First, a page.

- Family Dollar faces $330,446 in proposed fines following the death of an employee in Orlando, Florida, who tried to stop a shoplifter from escaping with store items, the Occupational Safety and Health Administration announced July 22.
- The employee struggled with the shoplifter but was unable to stop the shoplifter from leaving the store with merchandise, OSHA said. A short while later, the employee started feeling shortness of breath and began vomiting, according to a report from The Miami Herald. An assistant manager called 911, but the employee later died at the hospital from cardiac arrest, the report said. “Incidents such as this can be averted when workers are trained on a violence prevention program that empowers them to recognize and avoid risks on the job,” OSHA area director Sarah Carle said in the agency’s release.
- An investigation into the employee’s death uncovered multiple entrapment hazards, which led OSHA to propose fines against Family Dollar, the release said. Entrapment hazards are conditions that cause people to get trapped, caught, submerged or encumbered and unable to get free without assistance, a U.S. Department of Labor spokesperson explained in an email to HR Dive. They were not considered related to the employee’s death, the spokesperson said.
OSHA declined to provide details of what happened because the investigation is ongoing and within the contest period, the DOL spokesperson told HR Dive. But to reduce the likelihood of incidents happening, it’s critically important for employers to have a well-written workplace violence prevention program and effectively train workers, the spokesperson said.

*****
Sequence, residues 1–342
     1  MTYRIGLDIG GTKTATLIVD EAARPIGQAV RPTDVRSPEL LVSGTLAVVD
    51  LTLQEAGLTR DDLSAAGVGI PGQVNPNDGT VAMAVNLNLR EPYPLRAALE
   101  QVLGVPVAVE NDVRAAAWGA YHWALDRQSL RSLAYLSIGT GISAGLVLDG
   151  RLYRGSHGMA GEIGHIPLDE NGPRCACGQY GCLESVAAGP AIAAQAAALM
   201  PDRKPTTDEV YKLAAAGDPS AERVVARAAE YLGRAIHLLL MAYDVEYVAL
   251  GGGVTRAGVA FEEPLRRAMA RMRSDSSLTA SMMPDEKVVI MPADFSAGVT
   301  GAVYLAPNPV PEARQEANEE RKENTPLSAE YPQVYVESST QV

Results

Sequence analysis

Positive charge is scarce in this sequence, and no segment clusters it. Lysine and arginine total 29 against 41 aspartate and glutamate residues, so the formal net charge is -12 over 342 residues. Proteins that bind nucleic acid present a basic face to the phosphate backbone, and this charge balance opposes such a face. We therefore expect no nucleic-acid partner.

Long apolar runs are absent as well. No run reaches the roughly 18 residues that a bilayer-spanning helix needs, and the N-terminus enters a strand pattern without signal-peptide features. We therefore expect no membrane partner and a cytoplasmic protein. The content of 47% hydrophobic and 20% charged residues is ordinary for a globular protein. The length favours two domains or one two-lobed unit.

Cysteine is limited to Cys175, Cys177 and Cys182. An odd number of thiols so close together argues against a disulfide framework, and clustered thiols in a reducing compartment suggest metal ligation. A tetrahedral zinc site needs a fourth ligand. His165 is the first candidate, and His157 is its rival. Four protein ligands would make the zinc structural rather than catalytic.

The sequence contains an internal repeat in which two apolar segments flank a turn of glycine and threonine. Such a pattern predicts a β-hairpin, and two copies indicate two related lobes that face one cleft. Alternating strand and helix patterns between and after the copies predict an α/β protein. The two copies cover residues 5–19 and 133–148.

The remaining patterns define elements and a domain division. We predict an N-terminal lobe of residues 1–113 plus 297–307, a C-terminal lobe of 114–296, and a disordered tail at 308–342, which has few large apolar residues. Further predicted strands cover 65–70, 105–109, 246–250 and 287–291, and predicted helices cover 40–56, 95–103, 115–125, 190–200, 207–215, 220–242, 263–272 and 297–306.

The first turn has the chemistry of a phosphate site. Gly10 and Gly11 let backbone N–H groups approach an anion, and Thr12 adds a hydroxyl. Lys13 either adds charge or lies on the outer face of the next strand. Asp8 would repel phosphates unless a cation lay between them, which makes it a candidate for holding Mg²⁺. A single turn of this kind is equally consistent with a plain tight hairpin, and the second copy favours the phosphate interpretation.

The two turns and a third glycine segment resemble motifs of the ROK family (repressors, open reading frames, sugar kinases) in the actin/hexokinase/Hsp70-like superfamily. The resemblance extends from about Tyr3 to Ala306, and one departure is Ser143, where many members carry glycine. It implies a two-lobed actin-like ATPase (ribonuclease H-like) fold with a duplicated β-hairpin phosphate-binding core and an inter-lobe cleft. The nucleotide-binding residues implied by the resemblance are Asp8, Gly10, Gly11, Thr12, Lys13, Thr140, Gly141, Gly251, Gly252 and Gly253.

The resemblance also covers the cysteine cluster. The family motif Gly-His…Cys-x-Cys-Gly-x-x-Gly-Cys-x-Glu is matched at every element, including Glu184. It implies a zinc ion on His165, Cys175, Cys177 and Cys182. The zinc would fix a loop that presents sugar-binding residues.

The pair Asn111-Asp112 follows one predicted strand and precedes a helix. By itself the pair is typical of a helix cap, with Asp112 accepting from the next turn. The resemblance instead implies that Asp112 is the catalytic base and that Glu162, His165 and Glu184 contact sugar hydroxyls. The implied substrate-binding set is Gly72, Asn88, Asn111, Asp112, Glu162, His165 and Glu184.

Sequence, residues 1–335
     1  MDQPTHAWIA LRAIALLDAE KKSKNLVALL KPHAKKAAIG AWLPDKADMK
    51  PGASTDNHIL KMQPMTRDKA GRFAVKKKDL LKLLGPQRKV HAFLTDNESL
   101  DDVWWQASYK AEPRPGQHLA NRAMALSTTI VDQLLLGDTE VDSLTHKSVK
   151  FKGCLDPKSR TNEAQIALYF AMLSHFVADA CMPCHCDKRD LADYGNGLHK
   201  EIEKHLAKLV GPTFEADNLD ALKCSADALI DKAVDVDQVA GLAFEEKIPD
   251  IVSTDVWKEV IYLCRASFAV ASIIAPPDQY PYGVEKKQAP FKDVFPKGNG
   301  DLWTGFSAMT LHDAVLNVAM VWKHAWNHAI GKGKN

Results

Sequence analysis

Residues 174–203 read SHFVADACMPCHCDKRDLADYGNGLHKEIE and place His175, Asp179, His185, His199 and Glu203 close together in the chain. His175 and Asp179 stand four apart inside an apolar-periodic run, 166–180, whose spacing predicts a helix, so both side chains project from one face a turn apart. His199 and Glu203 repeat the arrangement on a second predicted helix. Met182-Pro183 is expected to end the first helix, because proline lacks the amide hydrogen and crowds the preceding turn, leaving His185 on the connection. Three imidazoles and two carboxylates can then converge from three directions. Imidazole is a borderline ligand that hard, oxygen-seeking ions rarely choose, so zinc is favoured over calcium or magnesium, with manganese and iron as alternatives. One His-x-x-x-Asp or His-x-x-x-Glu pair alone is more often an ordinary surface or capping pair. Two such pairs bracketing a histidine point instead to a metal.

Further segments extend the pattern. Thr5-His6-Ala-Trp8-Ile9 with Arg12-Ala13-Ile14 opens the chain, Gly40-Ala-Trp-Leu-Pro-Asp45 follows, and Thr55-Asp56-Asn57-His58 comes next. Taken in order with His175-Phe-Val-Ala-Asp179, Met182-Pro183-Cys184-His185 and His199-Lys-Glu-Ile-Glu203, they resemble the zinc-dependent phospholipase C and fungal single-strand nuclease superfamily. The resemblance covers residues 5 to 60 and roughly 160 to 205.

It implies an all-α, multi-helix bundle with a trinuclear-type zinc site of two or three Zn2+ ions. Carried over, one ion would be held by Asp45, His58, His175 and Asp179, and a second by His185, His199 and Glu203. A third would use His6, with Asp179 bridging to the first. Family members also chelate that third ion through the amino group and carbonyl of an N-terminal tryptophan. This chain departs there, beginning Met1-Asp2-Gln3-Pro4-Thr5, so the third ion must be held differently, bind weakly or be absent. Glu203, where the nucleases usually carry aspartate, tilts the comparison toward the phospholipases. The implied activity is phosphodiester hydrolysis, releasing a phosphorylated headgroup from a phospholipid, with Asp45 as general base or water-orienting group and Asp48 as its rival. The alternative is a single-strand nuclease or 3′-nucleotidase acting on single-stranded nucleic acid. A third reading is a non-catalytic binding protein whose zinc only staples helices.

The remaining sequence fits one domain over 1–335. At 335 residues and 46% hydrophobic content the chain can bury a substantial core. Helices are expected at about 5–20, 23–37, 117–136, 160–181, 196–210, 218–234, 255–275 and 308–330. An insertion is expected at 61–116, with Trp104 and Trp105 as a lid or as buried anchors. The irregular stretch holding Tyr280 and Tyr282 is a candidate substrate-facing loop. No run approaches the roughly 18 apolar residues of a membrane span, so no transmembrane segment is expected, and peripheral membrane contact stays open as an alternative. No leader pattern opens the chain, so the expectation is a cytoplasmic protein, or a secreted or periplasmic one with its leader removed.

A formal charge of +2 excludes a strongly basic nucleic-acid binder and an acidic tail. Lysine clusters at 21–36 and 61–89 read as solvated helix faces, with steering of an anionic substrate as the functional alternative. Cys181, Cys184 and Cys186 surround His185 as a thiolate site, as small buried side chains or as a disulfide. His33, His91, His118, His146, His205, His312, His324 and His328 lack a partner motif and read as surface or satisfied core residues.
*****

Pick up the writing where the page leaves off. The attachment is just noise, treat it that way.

In retail establishments, effective training includes training workers on proper procedures to follow in case of robbery and/or shoplifting, the spokesperson added.
OSHA also urged Family Dollar to provide a way for workers to request immediate assistance from the local police department or an alarm company in the event of a robbery or shoplifting incident, the announcement said.
Workplace violence is defined as “any act or threat of physical violence, harassment, intimidation, or other threatening disruptive behavior that occurs at the worksite,” according to an OSHA fact sheet. Workplace violence can range from threats and verbal abuse to physical assaults and homicides and may involve employees, clients, customers and visitors.
OSHA addresses workplace violence issues through the Occupational Safety and Health Act’s general duty clause, which requires employers to provide a safe and healthful workplace. Employers that don’t take reasonable steps to prevent or stop a recognized violence hazard can be cited, the fact sheet states.
As a first step, employers should assess their workplaces for actual and potential violence hazards, according to OSHA. By conducting the assessment, employers can identify ways to reduce the likelihood that incidents of workplace violence will occur, the agency says.
To help employers pinpoint actual and potential issues, OSHA provides a checklist of prevention controls in its guidance for retail establishments. For example:
- Have workers been trained on how to handle difficult customers?
- Are workers trained on ways to prevent or defuse potentially violent situations?
- Does the workplace have panic buttons, alarm systems, an internal phone system to activity emergency assistance or phones with an outside line programmed to call 911?
- Are there enough exists and adequate routes of escape?
The multiple conditions OSHA’s inspection of the Orlando Family Dollar uncovered included blocked exits and aisles, the announcement said. In particular, OSHA cited the company for two repeat violations of failing to maintain an unobstructed pathway and allowing carts and merchandise boxes to block aisles. The agency also cited the company for a willful violation of keeping an emergency exit door locked with a single key held by management.